Currently, there are no standards described in the National Research Council’s Guide for the Care and Use of Laboratory Animals (the Guide) nor in the USDA Animal Welfare Regulations for ferret caging requirements, and questions about ferret caging are common. Caging, in general, needs to provide sufficient space to allow animals to make postural and social adjustments with freedom of movement. Caging materials for ferrets can be almost anything that is easily sanitized and can withstand the abuse the animals will mete out.12 Several references indicate that two adult animals can occupy a home cage of 24 x 24 x 18 inches (60 x 60 x 46 centimeters).13,14 Stainless steel rabbit caging as well as the molded-bucket-style rabbit caging have been successfully modified to house ferrets. Particular attention needs to be paid to the width of both the cage bars and the floor spacing. Ferrets can get through small spaces, so the bar spacing should be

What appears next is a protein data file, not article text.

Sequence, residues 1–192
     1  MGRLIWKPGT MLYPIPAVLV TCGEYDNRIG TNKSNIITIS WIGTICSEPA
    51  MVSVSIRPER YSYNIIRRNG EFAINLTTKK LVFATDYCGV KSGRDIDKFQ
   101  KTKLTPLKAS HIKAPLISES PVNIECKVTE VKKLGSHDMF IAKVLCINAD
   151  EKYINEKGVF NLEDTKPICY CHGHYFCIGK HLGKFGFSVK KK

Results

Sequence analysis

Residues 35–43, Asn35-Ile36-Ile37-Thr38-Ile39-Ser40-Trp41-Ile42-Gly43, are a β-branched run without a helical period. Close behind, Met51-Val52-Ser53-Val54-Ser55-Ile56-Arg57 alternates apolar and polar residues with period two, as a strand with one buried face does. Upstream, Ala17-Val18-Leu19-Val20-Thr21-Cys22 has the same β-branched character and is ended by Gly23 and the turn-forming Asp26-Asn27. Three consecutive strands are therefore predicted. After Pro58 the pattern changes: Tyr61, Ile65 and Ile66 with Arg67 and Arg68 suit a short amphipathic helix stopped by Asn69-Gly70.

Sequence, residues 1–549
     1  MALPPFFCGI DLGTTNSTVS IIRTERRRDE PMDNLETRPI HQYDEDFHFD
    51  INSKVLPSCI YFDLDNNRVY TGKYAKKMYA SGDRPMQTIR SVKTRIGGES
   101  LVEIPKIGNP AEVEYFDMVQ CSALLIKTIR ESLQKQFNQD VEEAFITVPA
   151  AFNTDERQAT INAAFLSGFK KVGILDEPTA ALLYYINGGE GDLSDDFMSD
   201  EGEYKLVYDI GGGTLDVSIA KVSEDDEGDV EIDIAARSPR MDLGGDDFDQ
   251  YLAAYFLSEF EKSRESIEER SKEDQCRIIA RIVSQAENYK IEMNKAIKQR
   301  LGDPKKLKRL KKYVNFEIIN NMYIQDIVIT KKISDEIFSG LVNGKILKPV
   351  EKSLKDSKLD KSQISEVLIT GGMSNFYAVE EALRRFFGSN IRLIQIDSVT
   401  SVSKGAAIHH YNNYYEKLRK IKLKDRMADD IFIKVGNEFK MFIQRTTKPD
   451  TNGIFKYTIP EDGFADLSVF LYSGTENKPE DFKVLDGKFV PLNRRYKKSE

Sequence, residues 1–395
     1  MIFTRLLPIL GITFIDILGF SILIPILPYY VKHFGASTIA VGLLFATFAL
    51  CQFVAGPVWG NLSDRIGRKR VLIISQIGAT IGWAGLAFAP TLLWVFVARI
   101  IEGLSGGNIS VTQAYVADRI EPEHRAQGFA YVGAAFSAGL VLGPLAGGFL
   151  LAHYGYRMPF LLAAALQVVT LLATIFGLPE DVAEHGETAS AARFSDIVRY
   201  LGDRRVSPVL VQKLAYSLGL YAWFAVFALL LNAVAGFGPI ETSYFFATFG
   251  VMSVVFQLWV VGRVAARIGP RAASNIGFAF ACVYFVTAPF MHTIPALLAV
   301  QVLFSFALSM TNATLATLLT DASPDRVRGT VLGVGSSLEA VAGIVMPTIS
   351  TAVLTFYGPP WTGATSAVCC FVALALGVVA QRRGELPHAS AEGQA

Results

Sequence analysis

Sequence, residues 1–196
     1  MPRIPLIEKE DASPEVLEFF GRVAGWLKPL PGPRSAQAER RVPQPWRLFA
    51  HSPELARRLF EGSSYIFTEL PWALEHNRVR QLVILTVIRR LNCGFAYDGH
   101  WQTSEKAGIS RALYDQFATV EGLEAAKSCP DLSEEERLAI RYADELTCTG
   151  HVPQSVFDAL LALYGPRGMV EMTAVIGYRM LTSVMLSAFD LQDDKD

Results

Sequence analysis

Ferrets generally use specific corners to defecate, so the floor grids need to be wide enough to allow excreta to fall through but small enough to be comfortable on the animals’ feet. Providing a nesting box with some type of bedding can help relieve stress in animals and will allow them a place to get away from the bustle of the room. Bedding can be old newspaper or non-aromatic wood chips. Pine and cedar wood chips are not recommended because the oils can cause irritation to the animals’ eyes and respiratory system. Some personnel have used large polycarbonate rat breeding cages with bedding for short-term housing and for transporting ferrets. This type of caging should be used only for short-term housing, and the caging should be dedicated to ferrets because odor will be retained in the caging.13 Solid-wall caging, such as rodent cages and aquariums or fish tanks, should not be used for home cages for ferrets because they do not allow adequate ventilation.14